The expansion of Clark freeport zone and planned Clark Green City – Clark Highlands are threatening farmers in Pampanga and Tarlac. Farmers and Ayta around Clark freeport zone were victims of land grabbing and harassment such as the case of farmers belonging to the CABCOM Multi-Purpose Cooperative and Ayta farmers of Sitio Target of brgy. Sapang Bato and brgy. Margot in Angeles city. While Clark Green City plans to cover 36,000-hectares in Capas and Bamban town in Tarlac while Clark Highlands about 11,000-hectares in Sacobia valley in Mabalacat city, Pampanga. The groups said that these projects are believed to displace tens of thousands of farmers and Ayta.

As BS Aquino allowed the expanding Balikatan military exercises as part of the Visiting Forces Agreement, these only worsened the displacement of farmers from the lands covered such as Fort Magsaysay military reservation in Nueva Ecija, Crow Valley Gunnery and Firing Range, Camp O’ Donnell military reservation both in Capas, Tarlac, Clark freeport zone, Subic Bay freeport zone and US Naval Communication Station in brgy. San Miguel, San Antonio town in Zambales. It is becoming a standard operating procedure to bar farmers from cultivating their lands and fisherfolk from the seas during these exercises, while, in Capas, Ayta communities were displaced from their farms.

The groups also cited the submission to World Trade Organization (WTO) and liberalization of agriculture as major causes of bankruptcies of farmers’ livelihood. Imported and smuggled onions entering the Dingalan port in Aurora and being stocked in Nueva Ecija are putting the Bongabon onion farmers to debt and poverty. In addition, the swelling rice imports have continued to depress farm gate prices of palay while the introduction of hybrid rice and genetically-modified organisms (gmo) such as golden rice are threatening traditional varieties causing farmers high cost of production, consequently debt and landlessness.

“These three points are majorly confronted by the farmers in the region. These are all public knowledge but are yet to be dissented against entirely, thus, we farmers, the majority in the region are starting off to wave the flag for BS Aquino’s ouster. The farmers are losing the lands their fathers, grandfathers, great grandfathers have nurtured for many decades, while other sectors are facing high prices of basic commodities, endless oil price hikes, costly rent, electricity and water rates, tuition fees for your children’s education, high taxes, unemployment, low wages, demolitions and many more. BS Aquino has proven his standpoint and it is clear that he is partial to the interests of big landlords, rich local and foreign business and US imperialism. We have nothing to hope from BS Aquino, thus, we must demand his removal from office and we are doing justice for the victims of Mendiola massacre and other human rights abuses,” Canlas ended. #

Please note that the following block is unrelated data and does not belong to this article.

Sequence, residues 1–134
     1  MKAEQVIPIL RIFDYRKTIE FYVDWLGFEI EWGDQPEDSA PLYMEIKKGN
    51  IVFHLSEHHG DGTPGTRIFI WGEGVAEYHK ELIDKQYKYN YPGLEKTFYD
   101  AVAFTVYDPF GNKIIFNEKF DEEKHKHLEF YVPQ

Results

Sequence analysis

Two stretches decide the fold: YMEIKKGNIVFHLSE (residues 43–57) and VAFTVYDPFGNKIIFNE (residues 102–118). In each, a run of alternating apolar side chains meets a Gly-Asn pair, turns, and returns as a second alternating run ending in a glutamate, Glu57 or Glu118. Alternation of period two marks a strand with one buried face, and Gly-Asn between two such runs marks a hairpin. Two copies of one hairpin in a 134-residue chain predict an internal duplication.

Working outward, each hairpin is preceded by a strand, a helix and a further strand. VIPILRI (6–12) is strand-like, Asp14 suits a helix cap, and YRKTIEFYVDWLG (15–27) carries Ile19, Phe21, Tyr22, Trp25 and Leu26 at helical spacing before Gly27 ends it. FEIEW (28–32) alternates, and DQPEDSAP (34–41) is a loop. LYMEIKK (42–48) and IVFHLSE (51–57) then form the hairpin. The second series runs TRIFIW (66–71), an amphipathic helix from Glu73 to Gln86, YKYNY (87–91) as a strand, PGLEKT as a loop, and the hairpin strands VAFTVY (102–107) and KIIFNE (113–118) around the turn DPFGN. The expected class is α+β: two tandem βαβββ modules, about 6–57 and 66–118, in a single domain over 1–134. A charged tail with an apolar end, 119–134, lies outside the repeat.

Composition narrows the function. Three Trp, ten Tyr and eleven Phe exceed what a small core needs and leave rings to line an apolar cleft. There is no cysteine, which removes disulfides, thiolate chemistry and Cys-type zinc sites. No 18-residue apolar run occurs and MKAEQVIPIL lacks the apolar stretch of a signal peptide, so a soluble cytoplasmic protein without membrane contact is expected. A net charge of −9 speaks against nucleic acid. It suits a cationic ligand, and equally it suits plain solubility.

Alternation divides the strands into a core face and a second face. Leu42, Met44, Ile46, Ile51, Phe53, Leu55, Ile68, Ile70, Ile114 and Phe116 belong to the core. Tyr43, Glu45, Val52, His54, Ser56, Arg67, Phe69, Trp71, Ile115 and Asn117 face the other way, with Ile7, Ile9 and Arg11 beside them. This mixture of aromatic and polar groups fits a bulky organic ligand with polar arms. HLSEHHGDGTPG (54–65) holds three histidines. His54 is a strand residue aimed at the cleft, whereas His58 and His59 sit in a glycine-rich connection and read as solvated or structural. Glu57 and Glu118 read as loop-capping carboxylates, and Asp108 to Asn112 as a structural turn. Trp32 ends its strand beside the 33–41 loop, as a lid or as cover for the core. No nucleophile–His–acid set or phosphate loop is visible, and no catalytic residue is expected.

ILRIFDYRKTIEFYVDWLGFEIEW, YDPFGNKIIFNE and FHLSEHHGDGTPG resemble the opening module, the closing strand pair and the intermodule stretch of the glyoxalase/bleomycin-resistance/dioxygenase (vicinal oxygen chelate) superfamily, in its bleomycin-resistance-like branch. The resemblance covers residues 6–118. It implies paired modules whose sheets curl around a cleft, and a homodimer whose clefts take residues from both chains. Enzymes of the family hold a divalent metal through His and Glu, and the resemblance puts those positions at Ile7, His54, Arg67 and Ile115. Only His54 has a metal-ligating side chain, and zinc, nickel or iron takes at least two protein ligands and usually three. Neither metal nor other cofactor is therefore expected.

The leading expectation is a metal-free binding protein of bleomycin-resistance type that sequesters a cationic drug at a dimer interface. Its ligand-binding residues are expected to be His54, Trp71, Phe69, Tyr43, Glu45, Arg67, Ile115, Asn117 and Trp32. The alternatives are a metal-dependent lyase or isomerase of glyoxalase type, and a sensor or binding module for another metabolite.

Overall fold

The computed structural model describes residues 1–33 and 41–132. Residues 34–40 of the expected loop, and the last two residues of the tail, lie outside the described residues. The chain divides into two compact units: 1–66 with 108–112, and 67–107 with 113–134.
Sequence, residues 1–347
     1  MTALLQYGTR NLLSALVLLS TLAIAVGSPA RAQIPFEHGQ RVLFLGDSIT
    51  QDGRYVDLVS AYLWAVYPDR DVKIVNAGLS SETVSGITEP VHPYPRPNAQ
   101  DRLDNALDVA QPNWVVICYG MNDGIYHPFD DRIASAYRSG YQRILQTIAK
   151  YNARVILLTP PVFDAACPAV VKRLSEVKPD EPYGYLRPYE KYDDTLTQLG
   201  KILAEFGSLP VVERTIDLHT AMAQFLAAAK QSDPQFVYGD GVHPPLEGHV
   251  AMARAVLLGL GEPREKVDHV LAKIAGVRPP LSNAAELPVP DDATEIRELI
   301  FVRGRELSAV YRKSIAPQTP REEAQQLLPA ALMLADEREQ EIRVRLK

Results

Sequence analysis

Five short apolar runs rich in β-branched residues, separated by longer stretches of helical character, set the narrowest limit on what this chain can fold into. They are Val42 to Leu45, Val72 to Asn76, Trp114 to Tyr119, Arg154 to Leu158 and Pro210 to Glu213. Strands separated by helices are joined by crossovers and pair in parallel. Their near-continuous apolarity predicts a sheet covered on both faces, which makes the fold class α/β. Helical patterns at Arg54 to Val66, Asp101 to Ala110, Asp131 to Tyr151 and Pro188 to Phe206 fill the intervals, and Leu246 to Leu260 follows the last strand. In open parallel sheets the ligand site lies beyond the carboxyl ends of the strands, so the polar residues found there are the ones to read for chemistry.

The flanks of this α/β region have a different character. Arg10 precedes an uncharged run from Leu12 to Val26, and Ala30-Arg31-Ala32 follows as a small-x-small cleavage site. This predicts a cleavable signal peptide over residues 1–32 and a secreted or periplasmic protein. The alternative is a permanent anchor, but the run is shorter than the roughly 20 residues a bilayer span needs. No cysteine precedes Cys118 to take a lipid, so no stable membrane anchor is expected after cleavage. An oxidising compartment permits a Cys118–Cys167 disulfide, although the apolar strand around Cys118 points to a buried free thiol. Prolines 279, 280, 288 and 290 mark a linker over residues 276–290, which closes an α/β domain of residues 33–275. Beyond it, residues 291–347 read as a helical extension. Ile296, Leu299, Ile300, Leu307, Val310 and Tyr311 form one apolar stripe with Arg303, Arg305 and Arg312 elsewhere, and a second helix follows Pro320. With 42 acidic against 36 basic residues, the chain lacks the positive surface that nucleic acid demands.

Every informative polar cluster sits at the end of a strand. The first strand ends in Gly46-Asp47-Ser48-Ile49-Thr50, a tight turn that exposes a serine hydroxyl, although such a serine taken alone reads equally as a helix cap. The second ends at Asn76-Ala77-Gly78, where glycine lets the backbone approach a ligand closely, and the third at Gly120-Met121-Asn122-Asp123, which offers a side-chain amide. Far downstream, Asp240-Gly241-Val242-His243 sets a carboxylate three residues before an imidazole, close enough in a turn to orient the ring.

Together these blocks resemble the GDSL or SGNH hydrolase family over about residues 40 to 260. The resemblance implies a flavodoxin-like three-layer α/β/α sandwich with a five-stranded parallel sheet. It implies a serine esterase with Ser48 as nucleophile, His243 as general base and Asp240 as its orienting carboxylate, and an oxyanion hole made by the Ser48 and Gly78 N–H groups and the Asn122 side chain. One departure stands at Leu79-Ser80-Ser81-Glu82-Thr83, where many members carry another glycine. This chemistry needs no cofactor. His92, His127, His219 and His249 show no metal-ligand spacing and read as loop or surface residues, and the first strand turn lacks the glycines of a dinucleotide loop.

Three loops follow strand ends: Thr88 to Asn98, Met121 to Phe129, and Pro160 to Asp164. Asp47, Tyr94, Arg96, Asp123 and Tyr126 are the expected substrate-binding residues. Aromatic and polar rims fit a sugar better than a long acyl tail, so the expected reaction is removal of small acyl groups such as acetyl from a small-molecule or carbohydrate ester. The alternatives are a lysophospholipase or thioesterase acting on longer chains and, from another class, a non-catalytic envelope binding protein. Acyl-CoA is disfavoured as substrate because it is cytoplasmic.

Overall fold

On the 27th year of the Mendiola Massacre

Today we mark the 27th year of the Mendiola Massacre by marching to Mendiola as part of the continuing struggle for land reform. We continue to call for justice for the 13 farmers who died in the massacre, and for agrarian reform advocates who were killed by landlords or by the government subservient to landlords.

The country marks the 27th year of the Mendiola Massacre three years into Pres. Noynoy Aquino’s term. It is by now clear that the pangulong haciendero will not act to give farmers land and justice. Worse, it is clear by now that he continues the utter disregard for Filipinos’ lives that was exhibited in the Mendiola Massacre.

It has been more than a year since the Supreme Court ordered the distribution of Hacienda Luisita’s lands to farm workers but they remain landless. The Cojuangco-Aquinos have been circumventing the SC decision in the guise of implementing it. The farm workers who dare plant food crops in the sugarcane plantation are facing repression.

The country is about to mark the 10th anniversary of the Hacienda Luisita Massacre on November 16 but justice remains elusive for the seven farm workers who died fighting for higher wages and land reform. Aquino himself was responsible for the massacre and is now responsible for denying justice to the victims.

Last Jan. 13, three farmers in Hacienda Dolores in Pampanga were fired at by security forces of real estate companies led by Ayala Land. The companies are evicting the farmers in order to set up a resort. Arman Padino, 33, died of gunshot wounds while father and son Noel and Raymond Tumali were wounded.